"What is lit you would Tiave of me?" Red Riding
Hood called down. '.','"''.'-". ; ' -.1 ; " .'. '.
"You are a . witch a witch a .witch 1" .the people
shouted back to her.V "Come down and let us throw
you into the river if you sink, then we -shalt know
that you are not a witch. , . :
"If you sink, then you will be drowned 1" iriumbled
Mother Wolf; "there is nothing so toolish as people.
If you float they will burn you or a witcB, and if yon
sink and drown, you will be jost as dead as if you
were burned. Stay with me, little daughter, and call
the wild animals to help you." " .
But Red Riding-Hood had looked into the faces of
her kind ; she knew that these people were cmly foolish
. and stirred up to evil beliefs by her wicked stepmother.
"I will go with you to prison," she said. "I will be
tried in the courts but not one of you must touch me.
I will go without that"; . -
, She made ready to go and bade Mother Wolf fcood
by. "No one of them dares touch yoiC Mother Wolf
cried joyfully, "for see, here come the cats; who ire
afraid of nothing; they will go with you arid walk on
eacti side -;- ,.J...;V'. ' ; ; "- . ' .' .-. , 1 . :
Two great, tawny panthers bounded into the back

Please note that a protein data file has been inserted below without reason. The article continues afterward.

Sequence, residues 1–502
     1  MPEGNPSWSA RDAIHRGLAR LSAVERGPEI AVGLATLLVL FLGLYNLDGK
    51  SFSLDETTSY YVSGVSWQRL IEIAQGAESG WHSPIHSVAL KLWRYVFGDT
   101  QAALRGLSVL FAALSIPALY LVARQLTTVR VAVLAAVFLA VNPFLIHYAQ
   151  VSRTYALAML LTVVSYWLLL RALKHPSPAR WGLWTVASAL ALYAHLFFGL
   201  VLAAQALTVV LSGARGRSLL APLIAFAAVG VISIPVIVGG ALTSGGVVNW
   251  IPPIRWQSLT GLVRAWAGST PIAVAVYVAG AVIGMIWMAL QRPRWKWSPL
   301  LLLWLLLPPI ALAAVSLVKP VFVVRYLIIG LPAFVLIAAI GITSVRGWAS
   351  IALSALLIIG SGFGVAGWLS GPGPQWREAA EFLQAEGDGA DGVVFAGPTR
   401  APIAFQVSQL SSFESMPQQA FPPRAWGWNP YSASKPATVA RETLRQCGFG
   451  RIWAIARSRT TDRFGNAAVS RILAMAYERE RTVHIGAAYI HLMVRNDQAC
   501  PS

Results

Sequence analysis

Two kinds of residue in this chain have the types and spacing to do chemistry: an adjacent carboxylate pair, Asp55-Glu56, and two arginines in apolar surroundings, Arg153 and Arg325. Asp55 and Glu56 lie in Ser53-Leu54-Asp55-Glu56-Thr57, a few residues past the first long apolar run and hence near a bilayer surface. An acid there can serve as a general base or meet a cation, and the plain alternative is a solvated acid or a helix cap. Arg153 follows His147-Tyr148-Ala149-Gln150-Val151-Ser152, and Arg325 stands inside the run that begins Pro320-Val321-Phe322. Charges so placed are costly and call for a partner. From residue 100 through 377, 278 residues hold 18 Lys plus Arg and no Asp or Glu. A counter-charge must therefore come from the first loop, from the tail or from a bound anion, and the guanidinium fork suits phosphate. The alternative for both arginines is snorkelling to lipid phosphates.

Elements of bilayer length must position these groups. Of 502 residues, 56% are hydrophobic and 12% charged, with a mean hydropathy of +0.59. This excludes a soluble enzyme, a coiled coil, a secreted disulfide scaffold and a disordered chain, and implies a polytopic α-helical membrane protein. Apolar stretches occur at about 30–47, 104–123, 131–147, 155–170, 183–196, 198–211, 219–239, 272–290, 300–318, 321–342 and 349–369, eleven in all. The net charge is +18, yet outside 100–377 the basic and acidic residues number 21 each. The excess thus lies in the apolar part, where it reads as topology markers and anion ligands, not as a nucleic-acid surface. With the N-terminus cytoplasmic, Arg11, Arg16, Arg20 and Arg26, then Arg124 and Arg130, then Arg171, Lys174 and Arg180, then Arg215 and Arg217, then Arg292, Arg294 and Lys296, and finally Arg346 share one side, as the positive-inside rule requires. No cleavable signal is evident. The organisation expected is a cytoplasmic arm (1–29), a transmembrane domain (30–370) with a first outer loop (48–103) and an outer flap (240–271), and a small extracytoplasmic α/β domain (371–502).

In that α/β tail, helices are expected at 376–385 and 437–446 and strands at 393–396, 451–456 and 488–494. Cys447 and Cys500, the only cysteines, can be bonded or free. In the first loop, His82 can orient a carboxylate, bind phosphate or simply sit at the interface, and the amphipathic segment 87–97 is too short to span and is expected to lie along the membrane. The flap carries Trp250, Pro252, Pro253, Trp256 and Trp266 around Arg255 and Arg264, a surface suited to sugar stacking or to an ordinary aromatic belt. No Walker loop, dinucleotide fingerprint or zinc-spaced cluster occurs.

of he den, and when they' stepped out, walking on
looked upon, jind. sprang down from, histnilk-whrte aU flight, atthoogh there.was THS.ftioon, ana trie sound
"4teH: nU knert ind sed.lier hand". '-a4 begged er of ihis -fearful Sin in the dark -madtthe cattle uneasy
toceVelchts'VfeSeh hini "J;
Red Ridine-Hood was so much emktrarse'd ''ifhat-she '-cveRKs ne s-a Wkchar piuln'e.
STbm imb HiU
Their hats are-even on the head,
Their hands are by the side;
Their pockets spare and thin, instead
Of bulging full and wide. .
There has been givenevery one . l .
A hanky square and white,
; To wipe his Sunday face upon,. .
, , When Sunday, skies are bright. . .
"They do hot Whi5tle, do'ifiol pTay,
; 'They do not sing or shout,-
But manfully upon their way
v Go trudging, strong and stout.
Oh ! All the world is still and sweet,
And no .one makes a tioise,
WTien all the boys upon the street
Are Sunday little boys.
each side of the young girl, you may "be sure that the
people fell back very quickly and nobody wished to
touch her or do her harm.
. So it was that Red KidingHoodcame to the great
stone prison arid was locked in.' Then came a very se
rious 'time for the "region about. All the birds, when
they heard of ft, "refused W.singo- The wolves howled
Matters were in this stft;ben.T:r.ld-KintF:died,
and the Young King, being cVc ned.'.rtS advised -by
nis ministers to tak a wite. lie rereseo Tfery saaiy
to do so, for' he .was that arhe Prince "who" was so
Charmed VitV Tied ' Ridmg-HoodVfoaniy. and who,
coming back to the den, fonnd no maiden there to greet
iliimonry a very old, gray wolf, so ftld that its hair,
.was' white, lying dead across the entrance.
They brought in the soothsayer to alk to the King,
and he told the latter that he would never be a happy